Wisconsin is facing a literacy crisis, and our schools need help improving literacy rates. Standardized test scores in Wisconsin show that 64% of fourth-graders are not proficient in reading. Studies have shown that children who don’t learn to read struggle later in life and are more likely to end up in prison or on welfare. This week the legislature made concrete steps towards addressing the reading crisis throughout the state of Wisconsin, passing Assembly Bill 321, the Right to Read Act.
The Right to Read Act establishes an Office of Literacy which will oversee up to 64 reading specialists who provide science-based early literacy instruction and practices to teachers about effective ways to teach reading. These specialists will also provide assessments and reading plans to four-year-old kindergarten to third-grade students who are identified as being at risk of falling behind in reading. By having specialists dedicated to literacy, we can improve reading proficiency without requiring teachers to sacrifice the time they spend teaching other topics in school.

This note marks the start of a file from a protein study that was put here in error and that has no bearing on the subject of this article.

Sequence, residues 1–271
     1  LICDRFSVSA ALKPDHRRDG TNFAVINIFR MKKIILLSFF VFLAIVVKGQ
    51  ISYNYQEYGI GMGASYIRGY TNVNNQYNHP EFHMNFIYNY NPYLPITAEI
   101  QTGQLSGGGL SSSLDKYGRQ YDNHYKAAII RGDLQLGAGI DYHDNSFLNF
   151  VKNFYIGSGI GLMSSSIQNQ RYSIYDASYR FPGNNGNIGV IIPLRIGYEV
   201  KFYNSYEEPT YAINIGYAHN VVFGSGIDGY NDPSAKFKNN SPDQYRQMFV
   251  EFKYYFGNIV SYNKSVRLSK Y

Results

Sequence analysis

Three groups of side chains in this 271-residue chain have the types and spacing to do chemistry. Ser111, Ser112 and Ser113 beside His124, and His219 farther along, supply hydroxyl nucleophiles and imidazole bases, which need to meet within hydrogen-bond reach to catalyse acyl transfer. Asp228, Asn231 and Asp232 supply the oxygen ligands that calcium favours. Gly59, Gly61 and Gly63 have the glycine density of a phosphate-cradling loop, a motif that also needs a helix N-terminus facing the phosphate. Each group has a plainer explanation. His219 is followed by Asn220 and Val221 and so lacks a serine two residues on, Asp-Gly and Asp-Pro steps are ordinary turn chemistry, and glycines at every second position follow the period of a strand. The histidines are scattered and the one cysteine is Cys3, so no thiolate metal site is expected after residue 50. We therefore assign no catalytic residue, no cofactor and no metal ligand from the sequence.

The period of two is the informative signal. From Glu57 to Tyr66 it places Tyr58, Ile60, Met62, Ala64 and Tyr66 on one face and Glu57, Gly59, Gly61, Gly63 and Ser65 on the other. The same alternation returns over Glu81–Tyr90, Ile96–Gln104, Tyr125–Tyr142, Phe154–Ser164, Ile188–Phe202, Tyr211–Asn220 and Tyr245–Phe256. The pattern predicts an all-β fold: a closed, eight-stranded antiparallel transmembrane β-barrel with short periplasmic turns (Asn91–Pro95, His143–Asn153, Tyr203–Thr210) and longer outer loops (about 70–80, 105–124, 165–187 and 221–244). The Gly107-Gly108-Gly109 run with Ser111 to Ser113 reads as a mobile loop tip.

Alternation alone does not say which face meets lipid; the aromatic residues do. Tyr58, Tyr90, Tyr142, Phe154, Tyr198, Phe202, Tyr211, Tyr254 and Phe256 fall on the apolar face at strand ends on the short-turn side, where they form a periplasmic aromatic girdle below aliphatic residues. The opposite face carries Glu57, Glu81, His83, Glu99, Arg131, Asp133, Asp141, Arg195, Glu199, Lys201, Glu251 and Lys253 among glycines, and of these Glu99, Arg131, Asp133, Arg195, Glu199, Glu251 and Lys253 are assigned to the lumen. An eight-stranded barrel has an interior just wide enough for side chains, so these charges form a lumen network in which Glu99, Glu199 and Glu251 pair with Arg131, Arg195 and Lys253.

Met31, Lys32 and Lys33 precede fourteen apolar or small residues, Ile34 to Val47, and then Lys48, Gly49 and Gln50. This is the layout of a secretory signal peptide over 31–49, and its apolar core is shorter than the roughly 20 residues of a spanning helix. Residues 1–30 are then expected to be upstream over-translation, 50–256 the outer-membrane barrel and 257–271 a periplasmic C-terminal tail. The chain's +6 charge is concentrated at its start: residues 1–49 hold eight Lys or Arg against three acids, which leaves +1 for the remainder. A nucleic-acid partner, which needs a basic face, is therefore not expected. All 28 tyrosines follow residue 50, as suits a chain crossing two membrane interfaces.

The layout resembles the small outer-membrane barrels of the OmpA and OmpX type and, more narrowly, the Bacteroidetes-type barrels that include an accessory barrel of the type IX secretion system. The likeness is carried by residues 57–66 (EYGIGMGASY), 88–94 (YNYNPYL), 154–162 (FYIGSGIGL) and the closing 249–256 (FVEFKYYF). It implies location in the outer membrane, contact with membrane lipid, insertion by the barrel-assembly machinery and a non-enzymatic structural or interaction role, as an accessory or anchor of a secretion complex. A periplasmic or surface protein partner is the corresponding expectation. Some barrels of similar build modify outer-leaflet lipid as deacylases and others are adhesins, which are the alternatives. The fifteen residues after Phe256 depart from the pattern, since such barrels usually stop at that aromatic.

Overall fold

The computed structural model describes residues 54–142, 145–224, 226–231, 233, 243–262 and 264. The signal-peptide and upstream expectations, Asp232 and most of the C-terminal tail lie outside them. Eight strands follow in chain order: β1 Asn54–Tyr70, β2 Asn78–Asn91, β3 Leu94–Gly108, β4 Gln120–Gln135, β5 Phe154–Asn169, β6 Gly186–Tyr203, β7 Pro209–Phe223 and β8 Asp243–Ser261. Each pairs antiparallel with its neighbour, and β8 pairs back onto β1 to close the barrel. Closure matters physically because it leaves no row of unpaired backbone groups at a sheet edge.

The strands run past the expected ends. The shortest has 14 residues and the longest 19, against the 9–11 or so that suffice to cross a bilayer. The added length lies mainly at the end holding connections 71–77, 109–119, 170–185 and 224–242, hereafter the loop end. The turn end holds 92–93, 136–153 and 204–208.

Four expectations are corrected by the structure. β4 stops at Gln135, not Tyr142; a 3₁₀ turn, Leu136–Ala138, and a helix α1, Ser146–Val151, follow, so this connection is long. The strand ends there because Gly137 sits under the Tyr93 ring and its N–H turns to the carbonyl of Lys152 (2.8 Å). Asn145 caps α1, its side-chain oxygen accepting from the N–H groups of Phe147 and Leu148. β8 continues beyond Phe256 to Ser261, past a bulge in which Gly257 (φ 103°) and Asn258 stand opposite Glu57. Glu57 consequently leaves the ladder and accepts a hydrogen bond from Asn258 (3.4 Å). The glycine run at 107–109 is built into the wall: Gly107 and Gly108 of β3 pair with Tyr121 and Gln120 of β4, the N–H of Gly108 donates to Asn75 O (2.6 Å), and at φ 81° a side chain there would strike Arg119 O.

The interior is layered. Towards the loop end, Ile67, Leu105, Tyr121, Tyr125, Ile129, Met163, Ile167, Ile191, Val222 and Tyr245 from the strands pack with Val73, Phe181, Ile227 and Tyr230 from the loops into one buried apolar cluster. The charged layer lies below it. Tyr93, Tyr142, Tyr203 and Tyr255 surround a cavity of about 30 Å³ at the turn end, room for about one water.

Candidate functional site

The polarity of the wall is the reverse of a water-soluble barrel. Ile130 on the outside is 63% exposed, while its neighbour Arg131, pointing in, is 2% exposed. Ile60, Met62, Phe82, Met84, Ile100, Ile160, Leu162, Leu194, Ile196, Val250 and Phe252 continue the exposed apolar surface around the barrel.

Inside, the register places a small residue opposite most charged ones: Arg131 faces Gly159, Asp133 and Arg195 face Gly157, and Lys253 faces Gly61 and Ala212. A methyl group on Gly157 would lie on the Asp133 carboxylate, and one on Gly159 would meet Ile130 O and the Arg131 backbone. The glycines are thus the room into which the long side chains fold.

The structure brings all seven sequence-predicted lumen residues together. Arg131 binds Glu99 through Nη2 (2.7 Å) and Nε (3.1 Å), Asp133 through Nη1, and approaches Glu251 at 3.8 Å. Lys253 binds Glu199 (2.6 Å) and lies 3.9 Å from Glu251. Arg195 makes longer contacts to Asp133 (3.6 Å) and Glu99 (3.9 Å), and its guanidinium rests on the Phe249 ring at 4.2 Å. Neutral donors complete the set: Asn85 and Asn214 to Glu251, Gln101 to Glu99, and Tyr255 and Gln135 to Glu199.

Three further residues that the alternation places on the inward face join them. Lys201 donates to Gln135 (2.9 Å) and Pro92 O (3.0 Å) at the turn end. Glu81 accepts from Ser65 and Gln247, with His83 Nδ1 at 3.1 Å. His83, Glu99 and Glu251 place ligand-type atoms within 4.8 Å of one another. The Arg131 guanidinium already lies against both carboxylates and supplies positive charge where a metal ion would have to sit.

This program will help spot reading problems sooner, and ultimately help parents and teachers get students back on track to achieving literacy and academic success.